Here’s a scenario: it’s the New Year, and you are finally making a resolution to start going to the gym more often! You have signed yourself up for a new health club and the gym seems upscale enough, and in clean enough condition. You walk the tiles and showers of the locker room without much thought for hygiene. Then, a couple weeks later, you are met with an itchy, stinging feeling on your soles. Additionally, there is an unsightly, discoloured, cracking appearance between your toes. The discomfort mixed with the embarrassment, is enough to derail your New Year’s plans to get fit! It is likely that you have contracted a common foot condition that we will discuss in this article.
Tinea Pedis, known colloquially as athlete’s foot, is no picnic. It is easily transmissible and can be enough of a nuisance that it keeps sufferers from being active. While it is true that anyone can catch it, there are certain steps you can take to avoid it. In the interest of encouraging the public to Learn about common foot conditions we here at Feet First Clinic have put together a short guide to athlete’s foot: what it is, how to avoid it, and what to do if you get it.
What Is Athlete’s Foot?
Athlete’s foot is a contagious fungal infection Caused by Dermatophytes. This is a type of fungi notorious for causing skin diseases in people and animals. It often thrives in moist environments, such as gym floors, locker rooms, showers, or even inside very sweaty shoes. It is the nature of these breeding grounds that gives it the name athlete’s foot, although the term is a misnomer, as anybody can get it. Symptoms include:
- Red, scaly rash between the toes
- Nagging itchiness
- Dry, scaly soles
- Burning sensation in the rash
How to Avoid Athlete’s Foot
The first and most obvious way to avoid athlete’s foot is to always maintain a barrier between your feet and the floor of public places, especially wet ones. If your feet have come in contact with a wet floor, do your best to clean them and then immediately dry them. Furthermore, you can avoid athlete’s foot by following these guidelines:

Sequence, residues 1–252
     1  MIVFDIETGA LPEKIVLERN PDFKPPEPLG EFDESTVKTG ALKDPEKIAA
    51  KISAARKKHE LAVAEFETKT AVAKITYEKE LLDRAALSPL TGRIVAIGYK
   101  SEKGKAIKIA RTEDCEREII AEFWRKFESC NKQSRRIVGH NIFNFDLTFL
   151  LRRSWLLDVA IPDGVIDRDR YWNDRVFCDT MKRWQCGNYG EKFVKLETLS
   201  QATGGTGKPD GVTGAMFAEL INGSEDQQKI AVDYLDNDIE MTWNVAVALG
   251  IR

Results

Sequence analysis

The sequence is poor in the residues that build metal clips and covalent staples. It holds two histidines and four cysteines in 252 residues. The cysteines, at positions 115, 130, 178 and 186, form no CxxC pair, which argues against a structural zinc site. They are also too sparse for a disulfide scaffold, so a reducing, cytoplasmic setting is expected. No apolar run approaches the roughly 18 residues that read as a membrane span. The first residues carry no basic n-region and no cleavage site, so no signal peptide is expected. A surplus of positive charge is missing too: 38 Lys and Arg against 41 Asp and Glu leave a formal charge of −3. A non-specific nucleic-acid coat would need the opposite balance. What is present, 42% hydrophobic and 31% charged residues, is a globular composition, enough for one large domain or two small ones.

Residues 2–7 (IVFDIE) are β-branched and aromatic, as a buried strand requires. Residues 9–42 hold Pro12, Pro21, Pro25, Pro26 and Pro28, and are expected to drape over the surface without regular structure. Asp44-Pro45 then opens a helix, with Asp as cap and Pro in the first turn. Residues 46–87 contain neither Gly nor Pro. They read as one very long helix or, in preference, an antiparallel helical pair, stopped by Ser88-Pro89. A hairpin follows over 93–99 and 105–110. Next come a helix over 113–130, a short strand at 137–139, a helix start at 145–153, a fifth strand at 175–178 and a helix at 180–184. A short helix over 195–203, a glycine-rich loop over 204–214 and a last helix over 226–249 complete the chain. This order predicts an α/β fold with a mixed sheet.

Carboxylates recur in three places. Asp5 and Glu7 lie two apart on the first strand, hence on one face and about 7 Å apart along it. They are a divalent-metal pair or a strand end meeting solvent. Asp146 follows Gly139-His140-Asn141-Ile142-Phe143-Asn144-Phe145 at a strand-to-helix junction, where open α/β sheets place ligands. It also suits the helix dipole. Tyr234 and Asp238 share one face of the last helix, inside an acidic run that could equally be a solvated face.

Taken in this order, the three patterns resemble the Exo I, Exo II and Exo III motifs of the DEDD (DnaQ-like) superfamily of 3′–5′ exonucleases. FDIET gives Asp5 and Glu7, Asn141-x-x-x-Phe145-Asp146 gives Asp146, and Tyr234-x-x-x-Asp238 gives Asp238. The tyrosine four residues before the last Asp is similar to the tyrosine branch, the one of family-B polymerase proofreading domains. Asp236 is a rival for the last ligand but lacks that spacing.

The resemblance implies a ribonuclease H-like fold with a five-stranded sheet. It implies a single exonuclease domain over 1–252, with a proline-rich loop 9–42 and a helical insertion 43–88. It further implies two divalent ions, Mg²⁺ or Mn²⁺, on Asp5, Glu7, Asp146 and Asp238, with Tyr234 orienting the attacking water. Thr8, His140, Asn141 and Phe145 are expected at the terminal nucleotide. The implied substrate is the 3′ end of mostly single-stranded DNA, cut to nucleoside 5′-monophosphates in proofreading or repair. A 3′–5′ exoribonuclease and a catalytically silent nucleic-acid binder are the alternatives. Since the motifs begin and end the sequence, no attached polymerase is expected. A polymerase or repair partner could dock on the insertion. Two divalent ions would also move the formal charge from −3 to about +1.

- Orthopaedic footwear is highly recommended for physical activity. It is breathable, protective against foot conditions, and tailored exactly for your needs.
- Try wearing sweat-wicking socks.
- Thoroughly wash (then dry) your feet daily with soap and water.
- If you really want to stay safe, you can apply anti-fungal powder to your feet every day.
- If you must use a public shower, wear shoes or flip-flops.
How to Treat Athlete’s Foot
Despite doing your best to avoid this pesky foot problem, you may still contract athlete’s foot. If you exhibit the symptoms of athlete’s foot, you should seek help from a qualified Chiropodist. They have the tools and knowledge to properly assess and diagnose the condition. It is possible for the condition to go away on its own, but proactive treatment is usually always the answer. Your chiropodist may recommend:
- Topical anti-fungal medications. These are crucial if your chiropodist or doctor suspects a bacterial infection caused by broken skin.
- Oral anti fungals.
- Again, a thorough foot hygiene routine: avoid socks made from material that don’t dry easily, ensure feet are dry, avoid public showers and swimming pools.
- Avoiding scratching. Scratching increases risk of further irritation and bacterial infection.
- Over-the-counter anti-fungal creams.
Don’t let something as small as a fungal spore mess up your goal of staying active! We pride ourselves in effectively communicating your concerns and needs as comfortable as possible. Call anytime to ask about your specific concern and we’ll make sure to provide actionable steps towards getting your feet as happy and healthy as possible!
Call us at 416-769-FEET (3338) or Book Your Assessment Today!